Humberto Solás , who has died from cancer aged 66, was the enfant terrible of Cuban cinema in the 1960s – a time when Cuba was the enfant terrible of world cinema – achieving international success in 1968 with his first feature film, Lucía, at the age of 27.
Born in Havana, he was 14 when he joined the urban underground movement struggling against the dictator Fulgencio Batista in support of Fidel Castro's rural guerrillas. In 1960, the year after the revolution, having graduated in history from the University of Havana, he joined a new film institute, the ICAIC, and made his first short.
The last of his apprentice works, the 40-minute Manuela (1966), was intended as part of a three-episode film but was released on its own. It was a romanticised but neorealist tale of a campesina, a young peasant woman who demonstrates that the qualities needed to be a rebel soldier are not exclusively male. She is the first of a stream of leading female protagonists that feature in several of Solás's most impressive films, beginning two years later with Lucía.
Lucía was a tour de force: three episodes in three different cinematic styles about three women, each called Lucía, set during three different moments in Cuba's history. Lucía 1895 is shot in a histrionic style, influenced by the Italian director Luchino Visconti, replete with the extraordinary image of naked black liberation fighters riding out to meet the Spanish cavalry. Lucía 1933 turns to Hollywood models and adopts the more sedate style of domestic melodrama by Cukor or Kazan, while Lucía 196? takes on the hue of the nouvelle vague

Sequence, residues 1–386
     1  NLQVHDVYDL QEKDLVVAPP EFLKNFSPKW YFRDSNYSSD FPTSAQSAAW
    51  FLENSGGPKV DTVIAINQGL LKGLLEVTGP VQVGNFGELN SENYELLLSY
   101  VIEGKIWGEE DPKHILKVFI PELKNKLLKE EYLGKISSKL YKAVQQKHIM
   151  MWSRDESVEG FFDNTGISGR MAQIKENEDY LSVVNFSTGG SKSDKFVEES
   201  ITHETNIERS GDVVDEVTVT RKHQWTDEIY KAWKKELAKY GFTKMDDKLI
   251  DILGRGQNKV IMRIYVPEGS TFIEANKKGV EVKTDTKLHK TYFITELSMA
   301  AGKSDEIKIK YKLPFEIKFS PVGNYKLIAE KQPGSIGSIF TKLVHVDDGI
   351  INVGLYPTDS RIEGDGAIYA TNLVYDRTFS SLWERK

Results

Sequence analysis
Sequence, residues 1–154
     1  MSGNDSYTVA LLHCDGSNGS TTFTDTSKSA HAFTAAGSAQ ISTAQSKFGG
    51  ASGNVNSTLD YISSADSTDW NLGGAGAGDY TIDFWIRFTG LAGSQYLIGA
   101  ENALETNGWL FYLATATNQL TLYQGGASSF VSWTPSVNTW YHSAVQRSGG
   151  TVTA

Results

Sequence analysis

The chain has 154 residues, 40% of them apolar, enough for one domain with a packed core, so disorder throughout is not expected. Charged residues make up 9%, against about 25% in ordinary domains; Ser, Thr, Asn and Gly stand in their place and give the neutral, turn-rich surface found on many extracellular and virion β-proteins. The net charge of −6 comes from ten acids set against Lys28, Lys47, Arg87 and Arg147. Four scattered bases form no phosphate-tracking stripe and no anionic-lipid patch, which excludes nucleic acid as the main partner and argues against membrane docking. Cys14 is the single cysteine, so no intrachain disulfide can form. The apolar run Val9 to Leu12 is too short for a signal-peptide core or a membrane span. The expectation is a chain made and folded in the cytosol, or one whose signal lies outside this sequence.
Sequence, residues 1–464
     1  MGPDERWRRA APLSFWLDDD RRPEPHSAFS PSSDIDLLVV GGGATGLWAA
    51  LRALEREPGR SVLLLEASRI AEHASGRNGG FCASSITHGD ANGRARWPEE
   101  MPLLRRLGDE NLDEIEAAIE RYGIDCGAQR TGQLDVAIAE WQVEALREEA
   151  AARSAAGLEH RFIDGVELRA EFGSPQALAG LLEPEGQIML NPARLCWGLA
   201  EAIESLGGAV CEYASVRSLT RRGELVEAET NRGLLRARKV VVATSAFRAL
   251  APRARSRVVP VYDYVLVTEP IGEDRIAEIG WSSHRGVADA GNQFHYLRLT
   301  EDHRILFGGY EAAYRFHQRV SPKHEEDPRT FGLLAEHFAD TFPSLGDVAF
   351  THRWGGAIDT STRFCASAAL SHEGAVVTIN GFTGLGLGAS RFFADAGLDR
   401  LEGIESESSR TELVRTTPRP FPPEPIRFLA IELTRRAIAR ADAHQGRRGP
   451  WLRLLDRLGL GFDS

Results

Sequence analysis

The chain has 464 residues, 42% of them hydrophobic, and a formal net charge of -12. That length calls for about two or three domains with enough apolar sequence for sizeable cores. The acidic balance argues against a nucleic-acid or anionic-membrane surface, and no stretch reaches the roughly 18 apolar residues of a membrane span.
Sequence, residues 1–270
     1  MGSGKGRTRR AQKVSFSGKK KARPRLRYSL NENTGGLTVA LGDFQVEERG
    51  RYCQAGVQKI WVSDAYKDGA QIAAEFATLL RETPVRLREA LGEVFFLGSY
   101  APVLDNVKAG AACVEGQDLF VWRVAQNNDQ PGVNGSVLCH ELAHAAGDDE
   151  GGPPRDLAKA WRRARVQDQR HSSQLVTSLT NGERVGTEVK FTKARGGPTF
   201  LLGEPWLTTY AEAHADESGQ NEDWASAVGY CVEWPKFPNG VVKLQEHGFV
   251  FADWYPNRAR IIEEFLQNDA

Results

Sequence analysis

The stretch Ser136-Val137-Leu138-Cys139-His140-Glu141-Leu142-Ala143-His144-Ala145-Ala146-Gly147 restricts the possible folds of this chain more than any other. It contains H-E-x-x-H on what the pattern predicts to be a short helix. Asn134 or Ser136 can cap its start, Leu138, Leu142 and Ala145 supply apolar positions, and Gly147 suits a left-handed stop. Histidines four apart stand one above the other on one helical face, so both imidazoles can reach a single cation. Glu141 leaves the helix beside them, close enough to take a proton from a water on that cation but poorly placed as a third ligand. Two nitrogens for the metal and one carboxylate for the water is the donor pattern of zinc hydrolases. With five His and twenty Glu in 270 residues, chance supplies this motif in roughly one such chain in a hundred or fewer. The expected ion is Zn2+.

His next feature, Un dia de noviembre (A November day) was made in 1972 during what the Cuban writer Ambrosio Fornet has dubbed "the five grey years", when sectarians held the reins of cultural power. However, the ICAIC declined to release it for several years, and it was not a success.
Solás then returned to a historic theme for Cantata de Chile in 1976. This was a musico-dramatic tapestry, composed by Leo Brouwer, which paid homage to victims of the Chilean coup of 1973 by re-enacting the dockers' strike and subsequent massacre at the port of Iquique in northern Chile in 1907.
In between these feature films, Solás continued to make more modest documentaries, including the exquisite dance film, Simparelé (1974), and a study of the great Cuban surrealist painter Wifredo Lam (1979) – films in which he affirms his identity as a very Cuban artist.
However, trouble befell the epic Cecilia in 1981, a film fated to provoke a crisis in the ICAIC. Taken from the most popular of 19th-century Cuban novels, which celebrated the figure of the mulata (a woman of mixed race), Solás gave it a sumptuous but free and dark adaptation which disconcerted both traditionalists and the popular audience, and the film was massacred by the critics.